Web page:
Remember the 2022 World Cup? That strange yet controversy free tournament when only football made the headlines and politics kept out of sport? When a new star, one Lionel Messi (remember him?) was born. When England were the true champions. AJ Rutherford does. Because he published a daily blog which captured the nation’s imagination. Now his quite astonishing thoughts, opinions and analysis can be shared with everybody. See that magnificent tournament through his eyes and come to realise that AJ’s view is so much better than we could ever imagine ourselves.
The scorching sun beat down during that bitter winter. Olivier Giroud scored plenty in a major tournament. Lionel Messi proved that footballing life can begin at thirty-five as, after a long career, the little-known Argentinian maestro finally found fame. There were no controversies. Absolutely none. Zero. Not a ripple breached the surface of FIFA’s glittering ocean. The depths of which they wanted no prying eyes into (Note to sub-editor – does that make sense? AJ). ‘Everything is perfect, there’s nothing wrong. Enjoy the football,’ they said, from the comfort of those weird armchairs into which dignitaries were carefully positioned. Truly, the Qatar World Cup was a tournament of dichotomies. The time when the impossible not only became possible, but sometimes even probable. Once or twice, it even occurred. Astonishing.
Leading pundit, top sports journalist and father, coach, husband, ref, analyst, former pro player (potentially) and award winning local dignitary (Winchester U12 Most Committed Coach, 2018, Wiltshire Boys Team Spirit award 1979) Aiden Rutherford once more turns his sharp yet sparkling eyes to the greatest sporting event in the world, bar the Olympics (Summer only), the T20 World Cup (at least we sometimes win that) and the Kinnaird Cup, Eton Fives’ most prestigious competition. AJ is a familiar face in our homes (some). All the way from the westerly tip of North Bucks to the northernmost outcrop of north North Oxon and even into parts of the southerly reaches of Northamptonshire people have heard of him (some). Indeed, he freely admits to the unwanted accolades of being both a legend and a national treasure (regional only); a combination requiring a mixture of brilliance and modesty rare in even one so humble as he.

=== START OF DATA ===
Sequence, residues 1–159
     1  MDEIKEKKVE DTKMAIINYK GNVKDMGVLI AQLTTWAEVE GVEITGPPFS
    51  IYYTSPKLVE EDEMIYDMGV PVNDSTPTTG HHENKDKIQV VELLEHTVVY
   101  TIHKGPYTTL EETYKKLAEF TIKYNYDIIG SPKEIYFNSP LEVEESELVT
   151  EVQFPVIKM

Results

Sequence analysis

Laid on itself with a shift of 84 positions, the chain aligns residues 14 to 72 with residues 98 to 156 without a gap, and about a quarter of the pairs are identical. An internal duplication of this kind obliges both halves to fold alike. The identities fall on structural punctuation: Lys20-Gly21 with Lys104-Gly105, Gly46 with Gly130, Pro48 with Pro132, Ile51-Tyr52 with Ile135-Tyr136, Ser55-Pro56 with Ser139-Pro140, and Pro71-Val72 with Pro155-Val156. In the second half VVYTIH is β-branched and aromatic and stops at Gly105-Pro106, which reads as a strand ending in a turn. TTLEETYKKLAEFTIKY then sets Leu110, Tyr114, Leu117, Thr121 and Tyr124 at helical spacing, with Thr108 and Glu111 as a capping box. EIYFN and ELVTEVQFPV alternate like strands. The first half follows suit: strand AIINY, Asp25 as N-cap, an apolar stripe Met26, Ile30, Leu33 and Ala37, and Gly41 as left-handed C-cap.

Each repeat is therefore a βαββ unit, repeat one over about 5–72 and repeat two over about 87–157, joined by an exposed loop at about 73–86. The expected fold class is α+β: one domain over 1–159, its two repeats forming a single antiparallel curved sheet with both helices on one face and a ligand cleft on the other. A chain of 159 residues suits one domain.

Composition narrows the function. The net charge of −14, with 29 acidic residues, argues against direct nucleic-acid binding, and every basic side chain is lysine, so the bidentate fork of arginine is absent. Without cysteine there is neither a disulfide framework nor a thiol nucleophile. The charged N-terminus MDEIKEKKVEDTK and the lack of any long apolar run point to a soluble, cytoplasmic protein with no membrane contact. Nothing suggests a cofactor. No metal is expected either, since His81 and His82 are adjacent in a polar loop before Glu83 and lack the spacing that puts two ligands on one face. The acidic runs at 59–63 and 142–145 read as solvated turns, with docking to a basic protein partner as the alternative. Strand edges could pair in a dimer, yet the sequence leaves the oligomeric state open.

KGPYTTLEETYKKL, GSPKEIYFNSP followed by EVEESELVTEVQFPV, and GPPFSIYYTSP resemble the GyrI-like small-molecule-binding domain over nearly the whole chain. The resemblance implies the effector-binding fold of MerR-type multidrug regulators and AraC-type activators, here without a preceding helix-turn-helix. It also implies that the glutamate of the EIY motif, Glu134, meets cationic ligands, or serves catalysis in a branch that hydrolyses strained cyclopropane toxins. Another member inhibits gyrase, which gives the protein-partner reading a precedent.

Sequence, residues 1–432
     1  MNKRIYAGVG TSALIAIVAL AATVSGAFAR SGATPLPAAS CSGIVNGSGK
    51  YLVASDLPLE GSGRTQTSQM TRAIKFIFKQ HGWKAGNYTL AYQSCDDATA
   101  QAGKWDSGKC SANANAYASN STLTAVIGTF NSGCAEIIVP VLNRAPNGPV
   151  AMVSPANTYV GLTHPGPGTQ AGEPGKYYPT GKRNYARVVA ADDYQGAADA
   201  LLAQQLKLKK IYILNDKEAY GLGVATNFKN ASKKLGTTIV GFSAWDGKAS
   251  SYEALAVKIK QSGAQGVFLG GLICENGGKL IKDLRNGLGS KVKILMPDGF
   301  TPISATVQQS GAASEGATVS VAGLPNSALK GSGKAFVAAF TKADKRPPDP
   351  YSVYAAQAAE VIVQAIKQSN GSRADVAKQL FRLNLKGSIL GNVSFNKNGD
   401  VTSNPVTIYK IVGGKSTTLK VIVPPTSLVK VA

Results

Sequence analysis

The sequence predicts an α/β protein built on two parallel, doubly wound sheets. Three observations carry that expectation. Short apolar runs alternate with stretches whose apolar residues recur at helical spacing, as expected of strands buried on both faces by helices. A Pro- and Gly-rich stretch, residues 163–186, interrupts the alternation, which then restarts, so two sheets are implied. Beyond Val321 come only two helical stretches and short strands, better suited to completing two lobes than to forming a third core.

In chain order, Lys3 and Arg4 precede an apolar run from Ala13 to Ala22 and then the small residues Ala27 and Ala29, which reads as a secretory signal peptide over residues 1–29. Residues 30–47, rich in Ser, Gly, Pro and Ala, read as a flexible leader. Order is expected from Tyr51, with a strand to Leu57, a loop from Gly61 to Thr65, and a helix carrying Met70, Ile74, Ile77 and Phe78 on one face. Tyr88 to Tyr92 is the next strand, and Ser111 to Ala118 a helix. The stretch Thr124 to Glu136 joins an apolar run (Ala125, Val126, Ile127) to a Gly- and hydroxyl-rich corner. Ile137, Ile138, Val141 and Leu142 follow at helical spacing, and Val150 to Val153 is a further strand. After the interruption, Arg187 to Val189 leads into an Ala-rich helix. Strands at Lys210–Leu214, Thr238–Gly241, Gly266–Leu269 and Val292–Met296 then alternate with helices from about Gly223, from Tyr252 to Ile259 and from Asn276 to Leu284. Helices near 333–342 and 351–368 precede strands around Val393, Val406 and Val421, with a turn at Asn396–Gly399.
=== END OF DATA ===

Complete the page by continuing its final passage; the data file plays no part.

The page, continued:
Originally published in a series of daily blogs which held the nation in its grip more tightly than the cold back in November and December, AJ’s astonishing insights into the Qatar Winter World Cup, that astonishing yet strangest of tournaments, are now published here for everyone’s enjoyment, nostalgia and wide eyed astonishment at his quite astonishing perceptiveness. Astonishing. Not that those astonishing 30 odd days were a piece of cake for AJ. There’s problems at home when young prodigy and future World Cup final referee Young Ade is assaulted during a tense junior cup match in Irthlingborough; there’s problems abroad when Mark and Lou, young Lachlan’s parents (AJ is looking after his nephew for a few months, and bringing along the youngster’s footballing career at the same time. He’s only eleven (Lachlan, not AJ. Think, please), but it’s never too early to learn the vital role the long ball over the top plays in the modern game. There’s problems at work with the threat of the Bic Brack Buck (or is it Buck Bic Brack?) Trib going digital. It even looks for a moment as though the three bed detached with ensuite, office, annex (potential) and downstairs loo situated in one of Bicester’s leading Avenues might even have to go on the market. But do these crises and set backs intrude into AJ’s excellent daily blogs? Well, yes. But that only adds to our retrospective enjoyment of this Strangest of Winter World Cups.
Join AJ, Jules, Super G, Saint H, Killy, Linny, the Great Sir Clive, the Custard Cream, Voldo from the Valleys, Du Croissant, the Waffleman and the rest in this thrilling, dynamic, real time account of the event that took the world by storm so recently, yet seemingly so long ago.
Note: AJ’s views, observations, conclusions and facts are his own. Any resemblance to real events, people or human rights violations are purely coincidental, and are unintended.
See the book on Amazon here, view more books by Alan Peters here.